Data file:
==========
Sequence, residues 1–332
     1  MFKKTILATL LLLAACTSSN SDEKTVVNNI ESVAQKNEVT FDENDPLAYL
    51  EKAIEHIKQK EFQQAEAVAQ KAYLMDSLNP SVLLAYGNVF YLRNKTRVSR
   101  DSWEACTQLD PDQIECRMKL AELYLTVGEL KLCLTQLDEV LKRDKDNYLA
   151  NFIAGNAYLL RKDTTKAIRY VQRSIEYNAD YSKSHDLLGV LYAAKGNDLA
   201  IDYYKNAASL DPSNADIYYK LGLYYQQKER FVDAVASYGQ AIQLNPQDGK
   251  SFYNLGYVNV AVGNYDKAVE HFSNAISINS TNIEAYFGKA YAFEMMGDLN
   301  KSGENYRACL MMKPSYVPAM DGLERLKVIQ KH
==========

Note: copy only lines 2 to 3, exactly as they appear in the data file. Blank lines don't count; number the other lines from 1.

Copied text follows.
     1  MFKKTILATL LLLAACTSSN SDEKTVVNNI ESVAQKNEVT FDENDPLAYL
    51  EKAIEHIKQK EFQQAEAVAQ KAYLMDSLNP SVLLAYGNVF YLRNKTRVSR